Ministry of Health (MOH) to implement an additional round of second generation, integrated biological and
behavioral surveillance (IBBS) among MARPs in the six current PEPFAR focus provinces (Hanoi,
Haiphong, Quang Ninh, HCMC, Can Tho, and An Giang) and Danang. The survey was implemented by FHI
and NIHE, in collaboration with Provincial Preventive Medicine Centers (PMC) and HCMC Provincial AIDS
Committee (PAC), a provincial coordination body. Findings from the survey are being finalized. In FY07,
PEPFAR will support another round of IBBS in previous survey provinces and one new focus province to be
selected in collaboration with MOH. These data will be linked to previous IBBS surveys and will provide
information on impact and outcomes for prevention programs and provide an updated state of Vietnam's
epidemic for focused program planning. The information will also be used to support advocacy and policy
activities. The survey activity will be linked to routine surveillance activities through GVN partners to ensure
continued development of surveillance information systems, methodologies, and skills of public health
personnel. FHI will partner with NIHE to develop a more sustainable behavioral sero-surveillance program
in Vietnam. FHI will provide technical support for the survey and partner with NIHE (for the north) and
HCMC Pasteur Institute (for the south), which will serve as implementing agencies in collaboration with
provincial public health personnel. In the second component of this activity PEPFAR will support FHI to
provide oversight to surveillance of the clients of CSWs. FHI will partner with NIHE to conduct this activity.
This is a particularly hard to identify at-risk population where little information is available on their risk and
estimation of population size. FHI will provide TA to NIHE to develop methodology that will be incorporated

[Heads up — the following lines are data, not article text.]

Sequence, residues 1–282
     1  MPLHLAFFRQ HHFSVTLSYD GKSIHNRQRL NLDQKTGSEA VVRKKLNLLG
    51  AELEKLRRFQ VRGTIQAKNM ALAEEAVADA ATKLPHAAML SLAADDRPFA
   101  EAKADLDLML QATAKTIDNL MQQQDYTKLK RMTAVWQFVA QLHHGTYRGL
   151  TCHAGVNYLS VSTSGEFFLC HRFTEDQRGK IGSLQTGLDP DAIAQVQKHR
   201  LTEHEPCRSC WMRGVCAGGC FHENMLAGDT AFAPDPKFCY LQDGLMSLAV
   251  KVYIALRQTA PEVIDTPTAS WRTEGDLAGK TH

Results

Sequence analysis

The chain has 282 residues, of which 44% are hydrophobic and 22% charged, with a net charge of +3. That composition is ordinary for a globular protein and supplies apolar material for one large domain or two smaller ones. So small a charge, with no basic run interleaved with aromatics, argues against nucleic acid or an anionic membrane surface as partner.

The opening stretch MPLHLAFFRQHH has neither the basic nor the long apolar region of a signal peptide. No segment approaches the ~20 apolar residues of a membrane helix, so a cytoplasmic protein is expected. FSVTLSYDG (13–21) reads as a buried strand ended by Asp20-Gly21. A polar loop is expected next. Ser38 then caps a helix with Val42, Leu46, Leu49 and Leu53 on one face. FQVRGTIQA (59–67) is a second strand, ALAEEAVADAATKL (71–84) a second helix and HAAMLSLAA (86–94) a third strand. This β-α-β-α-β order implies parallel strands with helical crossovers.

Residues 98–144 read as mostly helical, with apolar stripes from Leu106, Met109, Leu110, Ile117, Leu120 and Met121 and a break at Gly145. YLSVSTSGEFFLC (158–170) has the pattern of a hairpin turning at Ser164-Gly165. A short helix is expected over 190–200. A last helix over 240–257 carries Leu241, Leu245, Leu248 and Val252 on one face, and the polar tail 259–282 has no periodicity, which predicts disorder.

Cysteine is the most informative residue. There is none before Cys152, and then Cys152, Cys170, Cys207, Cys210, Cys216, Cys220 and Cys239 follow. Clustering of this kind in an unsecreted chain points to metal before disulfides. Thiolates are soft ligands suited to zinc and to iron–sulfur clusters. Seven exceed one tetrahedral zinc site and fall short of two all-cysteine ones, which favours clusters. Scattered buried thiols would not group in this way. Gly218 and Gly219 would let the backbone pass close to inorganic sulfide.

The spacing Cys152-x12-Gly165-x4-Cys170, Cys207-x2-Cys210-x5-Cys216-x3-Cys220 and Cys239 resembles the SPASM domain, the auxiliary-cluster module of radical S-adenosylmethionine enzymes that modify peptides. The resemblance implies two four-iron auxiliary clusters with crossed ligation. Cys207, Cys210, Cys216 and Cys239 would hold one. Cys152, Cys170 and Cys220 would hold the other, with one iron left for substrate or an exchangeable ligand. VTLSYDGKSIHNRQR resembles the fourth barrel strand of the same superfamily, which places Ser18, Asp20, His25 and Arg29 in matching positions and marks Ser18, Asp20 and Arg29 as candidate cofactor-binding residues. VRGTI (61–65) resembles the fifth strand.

into other routine sentinel surveillance activities and assist with capacity building at NIHE to conduct this
surveillance independently in the future. In the third component of this activity FHI will continue to implement
the Analysis and Advocacy (A2) project funded by PEPFAR from FY 2005 to produce quality data analysis
and synthesis and work in collaboration with Health Policy Initiative (HPI) (related activity HVSI 9369) to
advocate for appropriate responses to the Vietnam HIV/AIDS epidemic. In FY07, FHI will: continue national
and provincial-level data collection so that implication of surveillance, survey, targeted evaluation, and
program assessment results and other data are fully utilized for modeling the HIV/AIDS epidemic, policy
implications and interventions; conduct workshops in collaboration with HPI on the use of data; provide
concrete programmatic implications to the PEPFAR team as well as PEPFAR partners; collaborate with
other international and local partners to continue supporting VAAC in integrated and advocacy under the
Activity Narrative: framework of A2 - this project will utilize the strengths of both VAAC and PEPFAR for the appropriate use of
data in policy-making and intervention development; and apply the A2 framework to implement advocacy
activities in other focus provinces including Hanoi, Quang Ninh, Can Tho and An Giang. The ultimate goals
of this activity are to: 1) provide outcome indicators and coverage information for PEPFAR-supported
prevention programming among MARPs in Vietnam; 2) strengthen the capacity of government staff on data
utilization; 3) provide information to explain changes in HIV prevalence, including the impact of PEPFAR-
funded prevention programming; 4) provide epidemiologic and behavioral data in specialized formats
tailored for advocacy to policymakers; and 5) to develop a clear understanding of the HIV/AIDS epidemic in
Vietnam so that that effective national policies and appropriately targeted programs can be developed.
Finally, FHI will continue to partner with the University Training Center for Health Care Professionals-HCMC
and HCMC PAC in conducting enhanced patient monitoring and quality improvement. The abstraction of
these data from either electronic or hard-copy patient medical records in 4 outpatient clinics in HCMC will
provide information beyond routine patient monitoring important for program planning and continuous
quality improvement. The activities will be coordinated with related activities described under the HCMC
PAC activity narrative (HVSI 9243).